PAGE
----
As leaders of the judiciaries in our respective countries and as members of the Southern African Chief Justices’ Forum (SACJF), we are deeply concerned about the recent developments in Malawi which appear to undermine the independence of the judiciary and individual Judges.
On Friday 12 June 2020, the Malawi Government’s Chief Secretary issued a notice purporting that Chief Justice Nyirenda had been placed on leave with immediate effect. The notice reads as follows:
‘Government wishes to inform the general public that the Right Honourable Andrew K. C. Nyirenda, SC, Chief Justice of Malawi, will proceed on leave pending retirement with immediate effect. The Honourable Chief Justice has accumulated more leave days than the remainder of his working days to retirement date. In accordance with the Constitution, the most senior Justice of Appeal will act as Chief Justice until such time as His Excellency the President will appoint a successor.’
The SACJF has learnt that a similar notice has been issued in relation to Justice of Appeal, Mr. Edward Twea, SC. We are aware that Chief Justice Nyirenda’s constitutional tenure of office is supposed to come to an end in December, 2021, while the constitutional tenure of office for Justice Twea expires in April, 2021.
We note that the notices from Chief Secretary were not issued by the appropriate authorities, namely the Chief Justice himself, or the Judiciary. Instead, an official of the Executive arm of government issued the notices. The Government’s notices do not indicate whether or not the decisions to go on leave were made voluntarily by the Chief Justice and Justice Twea, respectively.
We have also become aware that as part of his State of the Nation address earlier this month, President Mutharika declared that Parliament was ‘more supreme’ than the courts. This is simply incorrect. The Constitution is Malawi’s supreme law, and it provides for three separate though mutually interdependent arms of government.
Under the Constitution, the independence of the judiciary, to apply the law impartially, is expressly guaranteed.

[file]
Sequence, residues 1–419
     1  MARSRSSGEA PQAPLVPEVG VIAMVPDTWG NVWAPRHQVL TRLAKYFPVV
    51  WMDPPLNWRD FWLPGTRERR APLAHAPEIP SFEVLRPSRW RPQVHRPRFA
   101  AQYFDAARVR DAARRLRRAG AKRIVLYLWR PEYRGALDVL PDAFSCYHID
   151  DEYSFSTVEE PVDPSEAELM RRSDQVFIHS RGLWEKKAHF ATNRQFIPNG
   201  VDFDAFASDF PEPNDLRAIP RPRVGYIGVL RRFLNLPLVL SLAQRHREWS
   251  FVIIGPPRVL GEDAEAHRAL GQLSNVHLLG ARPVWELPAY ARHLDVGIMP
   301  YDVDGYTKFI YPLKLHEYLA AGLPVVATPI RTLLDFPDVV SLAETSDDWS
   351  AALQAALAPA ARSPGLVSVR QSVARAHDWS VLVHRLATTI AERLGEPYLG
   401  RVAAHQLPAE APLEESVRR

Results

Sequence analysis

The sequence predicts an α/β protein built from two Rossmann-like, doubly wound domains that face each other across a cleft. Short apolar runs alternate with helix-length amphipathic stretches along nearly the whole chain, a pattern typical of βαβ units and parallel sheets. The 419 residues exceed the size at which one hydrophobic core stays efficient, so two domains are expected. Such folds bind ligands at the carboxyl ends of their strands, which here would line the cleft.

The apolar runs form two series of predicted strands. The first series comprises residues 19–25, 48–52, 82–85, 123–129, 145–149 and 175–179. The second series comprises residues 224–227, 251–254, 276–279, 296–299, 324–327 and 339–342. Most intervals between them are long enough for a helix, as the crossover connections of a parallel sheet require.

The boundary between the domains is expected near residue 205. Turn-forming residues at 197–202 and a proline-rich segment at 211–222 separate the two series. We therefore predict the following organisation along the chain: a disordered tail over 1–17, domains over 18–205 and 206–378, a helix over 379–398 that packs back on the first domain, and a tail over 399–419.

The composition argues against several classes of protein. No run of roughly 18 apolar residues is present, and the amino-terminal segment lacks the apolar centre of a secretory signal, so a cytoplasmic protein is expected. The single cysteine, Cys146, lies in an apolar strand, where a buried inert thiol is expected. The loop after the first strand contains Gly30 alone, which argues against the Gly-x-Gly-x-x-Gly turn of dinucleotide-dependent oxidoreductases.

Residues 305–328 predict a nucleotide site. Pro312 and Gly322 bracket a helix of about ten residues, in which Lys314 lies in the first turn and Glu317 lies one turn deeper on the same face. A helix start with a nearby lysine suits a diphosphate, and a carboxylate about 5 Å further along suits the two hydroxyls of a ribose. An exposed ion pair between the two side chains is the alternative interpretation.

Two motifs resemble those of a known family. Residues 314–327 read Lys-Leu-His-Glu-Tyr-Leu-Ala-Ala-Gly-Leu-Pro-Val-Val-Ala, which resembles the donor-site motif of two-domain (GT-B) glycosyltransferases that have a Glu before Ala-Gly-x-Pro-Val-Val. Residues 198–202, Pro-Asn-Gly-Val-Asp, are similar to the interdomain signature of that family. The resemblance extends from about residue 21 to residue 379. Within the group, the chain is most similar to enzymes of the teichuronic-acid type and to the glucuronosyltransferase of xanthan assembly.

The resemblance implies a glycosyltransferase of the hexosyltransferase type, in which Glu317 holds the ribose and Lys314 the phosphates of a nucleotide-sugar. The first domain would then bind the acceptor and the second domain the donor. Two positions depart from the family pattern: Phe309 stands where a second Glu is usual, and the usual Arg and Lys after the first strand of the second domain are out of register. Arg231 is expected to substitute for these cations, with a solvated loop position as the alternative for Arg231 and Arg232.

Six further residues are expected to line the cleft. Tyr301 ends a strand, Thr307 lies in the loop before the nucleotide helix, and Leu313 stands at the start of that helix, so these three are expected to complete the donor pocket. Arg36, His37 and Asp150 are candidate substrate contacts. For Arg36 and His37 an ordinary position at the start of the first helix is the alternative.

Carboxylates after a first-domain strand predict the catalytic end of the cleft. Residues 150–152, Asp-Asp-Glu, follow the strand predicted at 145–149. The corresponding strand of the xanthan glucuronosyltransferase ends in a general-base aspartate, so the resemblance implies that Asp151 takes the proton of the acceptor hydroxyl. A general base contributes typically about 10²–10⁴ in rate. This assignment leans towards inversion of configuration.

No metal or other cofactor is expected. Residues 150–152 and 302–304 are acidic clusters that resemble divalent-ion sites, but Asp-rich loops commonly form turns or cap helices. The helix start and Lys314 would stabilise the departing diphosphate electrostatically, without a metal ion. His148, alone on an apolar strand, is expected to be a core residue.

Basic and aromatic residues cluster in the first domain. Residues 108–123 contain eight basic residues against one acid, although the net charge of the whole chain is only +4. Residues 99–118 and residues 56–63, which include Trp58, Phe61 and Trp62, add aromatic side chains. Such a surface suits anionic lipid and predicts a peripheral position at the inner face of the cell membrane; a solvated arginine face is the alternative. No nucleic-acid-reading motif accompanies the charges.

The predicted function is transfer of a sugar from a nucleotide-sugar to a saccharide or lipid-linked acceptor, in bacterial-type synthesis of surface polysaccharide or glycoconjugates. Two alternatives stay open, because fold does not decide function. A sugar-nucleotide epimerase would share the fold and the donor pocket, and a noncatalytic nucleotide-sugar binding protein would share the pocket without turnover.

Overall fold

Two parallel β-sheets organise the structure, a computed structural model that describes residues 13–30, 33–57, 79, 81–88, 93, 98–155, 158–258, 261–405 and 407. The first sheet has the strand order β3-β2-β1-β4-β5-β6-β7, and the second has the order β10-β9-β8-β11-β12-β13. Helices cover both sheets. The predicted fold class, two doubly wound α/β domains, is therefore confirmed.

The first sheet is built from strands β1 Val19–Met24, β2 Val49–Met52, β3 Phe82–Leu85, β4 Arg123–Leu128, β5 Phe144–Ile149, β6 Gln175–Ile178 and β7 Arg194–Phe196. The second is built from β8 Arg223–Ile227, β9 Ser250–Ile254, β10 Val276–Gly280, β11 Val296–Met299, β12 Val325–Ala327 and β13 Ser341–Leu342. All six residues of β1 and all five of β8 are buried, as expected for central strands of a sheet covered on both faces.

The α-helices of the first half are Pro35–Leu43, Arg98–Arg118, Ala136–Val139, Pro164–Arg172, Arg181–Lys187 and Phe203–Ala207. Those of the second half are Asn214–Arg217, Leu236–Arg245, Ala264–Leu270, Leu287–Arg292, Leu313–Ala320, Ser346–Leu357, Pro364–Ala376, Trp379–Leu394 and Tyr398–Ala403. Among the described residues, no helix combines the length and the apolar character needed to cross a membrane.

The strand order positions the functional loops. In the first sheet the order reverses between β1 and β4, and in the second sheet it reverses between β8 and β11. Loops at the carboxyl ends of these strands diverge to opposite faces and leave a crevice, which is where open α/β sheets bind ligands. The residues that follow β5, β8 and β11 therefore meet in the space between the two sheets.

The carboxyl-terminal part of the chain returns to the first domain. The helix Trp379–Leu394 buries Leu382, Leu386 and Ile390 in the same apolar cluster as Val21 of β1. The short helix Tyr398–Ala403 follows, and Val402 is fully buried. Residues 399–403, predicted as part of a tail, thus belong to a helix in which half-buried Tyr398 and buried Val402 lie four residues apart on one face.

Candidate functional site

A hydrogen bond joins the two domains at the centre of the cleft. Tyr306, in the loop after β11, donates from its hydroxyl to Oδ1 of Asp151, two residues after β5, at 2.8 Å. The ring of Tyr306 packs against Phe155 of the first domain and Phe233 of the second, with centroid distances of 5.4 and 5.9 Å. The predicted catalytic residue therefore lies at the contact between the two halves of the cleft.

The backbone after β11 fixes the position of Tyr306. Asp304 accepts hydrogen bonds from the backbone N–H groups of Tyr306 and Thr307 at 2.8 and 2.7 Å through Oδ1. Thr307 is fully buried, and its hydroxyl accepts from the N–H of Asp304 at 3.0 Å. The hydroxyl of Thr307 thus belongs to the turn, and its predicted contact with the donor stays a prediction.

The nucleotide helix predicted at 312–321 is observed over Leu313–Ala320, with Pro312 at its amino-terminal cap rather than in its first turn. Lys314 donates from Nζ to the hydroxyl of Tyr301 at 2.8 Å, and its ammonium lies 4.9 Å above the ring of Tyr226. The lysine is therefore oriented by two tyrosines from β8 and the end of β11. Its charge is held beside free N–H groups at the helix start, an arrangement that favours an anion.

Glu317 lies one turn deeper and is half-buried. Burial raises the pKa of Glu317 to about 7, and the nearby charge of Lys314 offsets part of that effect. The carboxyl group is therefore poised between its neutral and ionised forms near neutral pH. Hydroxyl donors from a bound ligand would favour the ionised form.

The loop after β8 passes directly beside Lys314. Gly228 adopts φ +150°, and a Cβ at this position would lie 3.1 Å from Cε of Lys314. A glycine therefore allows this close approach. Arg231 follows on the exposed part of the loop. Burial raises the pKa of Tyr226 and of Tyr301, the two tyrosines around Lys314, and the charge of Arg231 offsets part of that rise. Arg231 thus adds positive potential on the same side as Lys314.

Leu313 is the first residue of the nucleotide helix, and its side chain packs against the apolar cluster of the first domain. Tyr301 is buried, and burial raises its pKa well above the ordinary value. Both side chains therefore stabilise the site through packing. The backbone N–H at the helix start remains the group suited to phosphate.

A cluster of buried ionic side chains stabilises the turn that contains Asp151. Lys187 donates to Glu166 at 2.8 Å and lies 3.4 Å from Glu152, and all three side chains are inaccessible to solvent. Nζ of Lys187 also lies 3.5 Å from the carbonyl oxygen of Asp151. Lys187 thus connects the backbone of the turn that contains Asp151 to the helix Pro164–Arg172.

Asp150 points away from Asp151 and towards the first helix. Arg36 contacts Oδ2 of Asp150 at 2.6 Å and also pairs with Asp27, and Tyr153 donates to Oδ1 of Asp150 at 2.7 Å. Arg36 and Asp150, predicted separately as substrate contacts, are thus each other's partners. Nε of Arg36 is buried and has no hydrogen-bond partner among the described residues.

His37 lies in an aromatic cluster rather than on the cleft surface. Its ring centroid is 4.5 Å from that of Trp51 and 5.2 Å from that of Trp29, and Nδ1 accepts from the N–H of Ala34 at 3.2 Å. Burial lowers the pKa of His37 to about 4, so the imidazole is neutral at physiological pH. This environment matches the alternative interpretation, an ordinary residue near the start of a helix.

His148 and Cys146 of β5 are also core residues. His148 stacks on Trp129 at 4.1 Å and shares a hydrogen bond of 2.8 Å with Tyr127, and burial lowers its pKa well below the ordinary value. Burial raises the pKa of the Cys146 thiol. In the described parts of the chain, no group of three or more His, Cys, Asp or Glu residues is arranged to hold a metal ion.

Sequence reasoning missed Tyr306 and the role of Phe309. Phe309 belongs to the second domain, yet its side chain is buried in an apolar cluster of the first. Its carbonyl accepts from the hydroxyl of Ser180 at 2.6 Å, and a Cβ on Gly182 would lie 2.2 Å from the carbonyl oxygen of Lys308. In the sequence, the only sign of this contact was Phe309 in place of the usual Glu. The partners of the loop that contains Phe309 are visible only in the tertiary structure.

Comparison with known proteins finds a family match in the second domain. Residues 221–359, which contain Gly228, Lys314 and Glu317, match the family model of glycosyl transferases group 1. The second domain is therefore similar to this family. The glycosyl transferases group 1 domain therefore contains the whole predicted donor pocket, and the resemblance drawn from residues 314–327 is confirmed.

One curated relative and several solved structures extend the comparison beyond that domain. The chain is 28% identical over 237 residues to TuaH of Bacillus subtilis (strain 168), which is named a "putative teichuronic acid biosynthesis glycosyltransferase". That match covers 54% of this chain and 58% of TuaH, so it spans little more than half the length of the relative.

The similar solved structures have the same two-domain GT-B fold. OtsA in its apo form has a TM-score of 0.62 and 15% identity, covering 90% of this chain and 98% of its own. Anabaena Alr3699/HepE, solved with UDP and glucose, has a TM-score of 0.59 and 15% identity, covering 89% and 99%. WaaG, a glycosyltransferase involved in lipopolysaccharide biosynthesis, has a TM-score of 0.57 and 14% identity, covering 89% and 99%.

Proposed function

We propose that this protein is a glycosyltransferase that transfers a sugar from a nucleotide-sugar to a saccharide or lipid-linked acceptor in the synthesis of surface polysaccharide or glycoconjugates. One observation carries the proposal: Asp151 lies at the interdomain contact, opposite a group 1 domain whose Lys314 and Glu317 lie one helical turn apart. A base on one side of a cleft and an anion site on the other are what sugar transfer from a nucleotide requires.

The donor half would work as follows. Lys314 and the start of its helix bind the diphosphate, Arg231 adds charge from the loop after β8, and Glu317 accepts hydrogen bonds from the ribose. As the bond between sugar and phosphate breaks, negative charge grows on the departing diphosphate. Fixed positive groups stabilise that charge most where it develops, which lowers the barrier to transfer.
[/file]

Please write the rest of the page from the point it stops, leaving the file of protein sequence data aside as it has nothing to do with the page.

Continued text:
Given the above facts and constitutional position, we are therefore concerned that the government’s notices and the purported placement of the Chief Justice and Justice Twea on leave pending retirement, is an attempt to interfere with the independence of the judiciary in Malawi. This is in violation of Malawi’s domestic and international obligation to respect the independence of the judiciary.
Section 103 (1) of the Constitution of Malawi clearly states that the judiciary must be allowed to function independently. Article 26 of the African Charter on Human and Peoples’ Rights affirms that ‘States Parties to the present Charter have the duty to guarantee the independence of the courts.’
The United Nations Basic Principles on the Independence of the Judiciary, states that the independence of the judiciary ‘shall be guaranteed by the State’, and that ‘(I)t is the duty of all Government and other institutions to respect and observe the independence of the judiciary.’
The Executive efforts to place judges on involuntary leave pending their retirement is ultra vires the Executive powers, violates the constitution, the security of tenure of the judiciary and separation of powers.
We wish to remind the Government of Malawi that respecting judicial independence is not a cloistered virtue. It must be seen to be practiced in order to ensure the confidence of the people in the judiciary. Finally, we reiterate that the decision for a judge to go on leave pending retirement should be made voluntarily by the concerned judge, in consultation with the Judicial Service Commission. It is the Chief Justice and or the Judiciary who if they wish must communicate to the public such decision.
We therefore urge the Executive in Malawi to withdraw the offensive notices of placing Chief Justice Nyirenda and Justice Twea on forced leave and make an appropriate public announcement about such retraction.
The Southern African Chief Justices’ Forum is composed of Chief Justices and equivalent judicial leaders of the following Jurisdictions: Angola, Botswana, Eswatini, Lesotho, Kenya, Malawi, Mauritius, Mozambique, Namibia, South Africa, Seychelles, Tanzania, Uganda, Zambia, and Zimbabwe.